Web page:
Like their first show Stiff – Undertaking Undertaking, (which won a Total Theatre Award and other accolades at Edinburgh Fringe 2000) the play is supposedly written by the classically trained actor-manager Forbes Murdston (Toby Park), who has miscast three unsuitable performers – the Spanish soap star Alfredo Gravés (Aitor Basauri), the German Expressionist Udo Keller (Stephan Kriess) and catalogue model Mandy Bandy (Petra Massey). Mathew Baynton (an actor and director who was Cal McCrystal’s assistant on Spymonkey’s 2007 show Bless) called ‘the multi-layered dynamic of a Spymonkey show – the actors are playing clowns who are playing characters.’ In this new version, Forbes announces at the start of the show that ‘unfortunately, all the original cast are still available.’

In Cooped, Mandy Bandy is playing Laura du Lay, ‘a young girl who arrives at a remote railway station in the heart of darkest Northumberlandshirehampton to take up her position as confidential secretary to the reclusive Forbes Murdston. Beautiful, fawn-like, swinging, but a hostage to passion, Laura knows now that life – and love – will never be the same again… And her an orphan!’


The comedy comes from the clowns’ conflicting agendas and delusions. Murdston believes he has created a serious drama. Mandy Bandy is unaware of the negative impact on her ‘fawn-like’ performance of her ‘digestive problem’, conniption fits and inability to bend. Gravés, cast in the character parts, mistakenly believes that he is the romantic lead, and that the audience is full of fans of his Spanish telenovela Hospital Tropical. Keller is an anarchist who doesn’t care what the audience thinks of him and who despises Gravés, sabotaging his performance at every opportunity.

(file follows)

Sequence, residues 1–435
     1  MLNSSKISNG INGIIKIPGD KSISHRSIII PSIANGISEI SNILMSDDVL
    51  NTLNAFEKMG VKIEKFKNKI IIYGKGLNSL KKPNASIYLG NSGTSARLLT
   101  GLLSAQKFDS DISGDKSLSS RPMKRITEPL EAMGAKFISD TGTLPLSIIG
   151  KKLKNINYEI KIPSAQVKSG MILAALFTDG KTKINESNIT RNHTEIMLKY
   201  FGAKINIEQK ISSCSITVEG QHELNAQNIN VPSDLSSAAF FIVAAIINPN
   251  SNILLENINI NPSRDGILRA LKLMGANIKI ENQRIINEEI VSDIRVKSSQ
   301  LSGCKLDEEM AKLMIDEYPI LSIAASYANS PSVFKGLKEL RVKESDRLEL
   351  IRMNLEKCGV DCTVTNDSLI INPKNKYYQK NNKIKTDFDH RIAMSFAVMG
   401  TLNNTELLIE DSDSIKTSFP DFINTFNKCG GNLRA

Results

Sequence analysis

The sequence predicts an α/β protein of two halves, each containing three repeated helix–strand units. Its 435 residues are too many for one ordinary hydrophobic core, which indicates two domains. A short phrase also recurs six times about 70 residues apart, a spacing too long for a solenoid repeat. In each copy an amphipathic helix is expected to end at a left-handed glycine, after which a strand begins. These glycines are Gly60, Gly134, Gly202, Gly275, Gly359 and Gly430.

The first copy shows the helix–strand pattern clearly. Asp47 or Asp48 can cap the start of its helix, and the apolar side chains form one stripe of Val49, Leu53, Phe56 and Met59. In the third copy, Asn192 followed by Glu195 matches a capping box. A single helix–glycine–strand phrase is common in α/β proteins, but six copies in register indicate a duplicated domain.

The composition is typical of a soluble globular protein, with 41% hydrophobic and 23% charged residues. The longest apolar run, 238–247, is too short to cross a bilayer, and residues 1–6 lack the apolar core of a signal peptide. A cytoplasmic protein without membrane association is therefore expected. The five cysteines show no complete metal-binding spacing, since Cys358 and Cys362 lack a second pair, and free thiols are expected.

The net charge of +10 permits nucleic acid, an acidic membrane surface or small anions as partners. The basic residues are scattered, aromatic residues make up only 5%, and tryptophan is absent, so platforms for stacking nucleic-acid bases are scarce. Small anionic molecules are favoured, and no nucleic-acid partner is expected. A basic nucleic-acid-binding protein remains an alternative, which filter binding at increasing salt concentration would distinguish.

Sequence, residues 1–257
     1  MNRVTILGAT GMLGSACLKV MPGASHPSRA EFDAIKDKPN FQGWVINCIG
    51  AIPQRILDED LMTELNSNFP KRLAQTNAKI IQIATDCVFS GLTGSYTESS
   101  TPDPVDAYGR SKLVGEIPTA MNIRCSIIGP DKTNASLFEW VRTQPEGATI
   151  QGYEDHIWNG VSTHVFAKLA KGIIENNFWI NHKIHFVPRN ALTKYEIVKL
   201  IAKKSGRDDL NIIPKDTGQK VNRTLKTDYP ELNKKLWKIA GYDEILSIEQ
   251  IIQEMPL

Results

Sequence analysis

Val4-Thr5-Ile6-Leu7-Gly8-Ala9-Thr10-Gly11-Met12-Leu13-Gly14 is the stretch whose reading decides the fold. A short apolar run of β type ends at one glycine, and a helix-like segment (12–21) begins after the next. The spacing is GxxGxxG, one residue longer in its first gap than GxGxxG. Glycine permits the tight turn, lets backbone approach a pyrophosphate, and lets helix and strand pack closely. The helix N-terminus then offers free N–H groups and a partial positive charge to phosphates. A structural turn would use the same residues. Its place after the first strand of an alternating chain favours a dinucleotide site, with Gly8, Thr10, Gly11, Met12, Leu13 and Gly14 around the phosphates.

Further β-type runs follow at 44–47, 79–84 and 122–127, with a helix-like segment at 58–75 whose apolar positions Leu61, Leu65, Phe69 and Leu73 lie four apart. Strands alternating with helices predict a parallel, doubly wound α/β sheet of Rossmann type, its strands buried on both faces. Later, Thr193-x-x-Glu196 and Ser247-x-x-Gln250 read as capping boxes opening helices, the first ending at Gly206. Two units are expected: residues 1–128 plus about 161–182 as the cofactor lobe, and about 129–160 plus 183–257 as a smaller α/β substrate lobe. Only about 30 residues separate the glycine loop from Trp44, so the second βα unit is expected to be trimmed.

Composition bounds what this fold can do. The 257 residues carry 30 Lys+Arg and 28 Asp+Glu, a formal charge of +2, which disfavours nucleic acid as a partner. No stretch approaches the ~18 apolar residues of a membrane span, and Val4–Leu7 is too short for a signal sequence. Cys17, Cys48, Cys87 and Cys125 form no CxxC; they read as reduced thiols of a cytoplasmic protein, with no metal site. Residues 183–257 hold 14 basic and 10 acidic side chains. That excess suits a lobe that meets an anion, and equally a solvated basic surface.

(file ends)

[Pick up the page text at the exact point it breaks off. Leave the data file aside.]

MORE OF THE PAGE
In 2003, when Spymonkey failed to get Arts Council funding for a third Forbes Murdston play, they went to Las Vegas and spent two years working with Cirque du Soleil. When they returned to the UK in 2006, they brought an expanded Cooped, with a bigger set for midscale touring. The show was twenty minutes longer and now had an interval. There were also two musical numbers and a routine with ping pong balls that had been judged too filthy for Las Vegas. The new version, which we saw at Theatre Royal Brighton during the 2006 Brighton Festival, was a triumphant homecoming for Spymonkey. We saw it again later that year at the Assembly Rooms in the Edinburgh Fringe where it was shortlisted for a Total Theatre Award. It was back in Brighton again in 2013 at The Old Market followed by a run at the Leicester Square Theatre.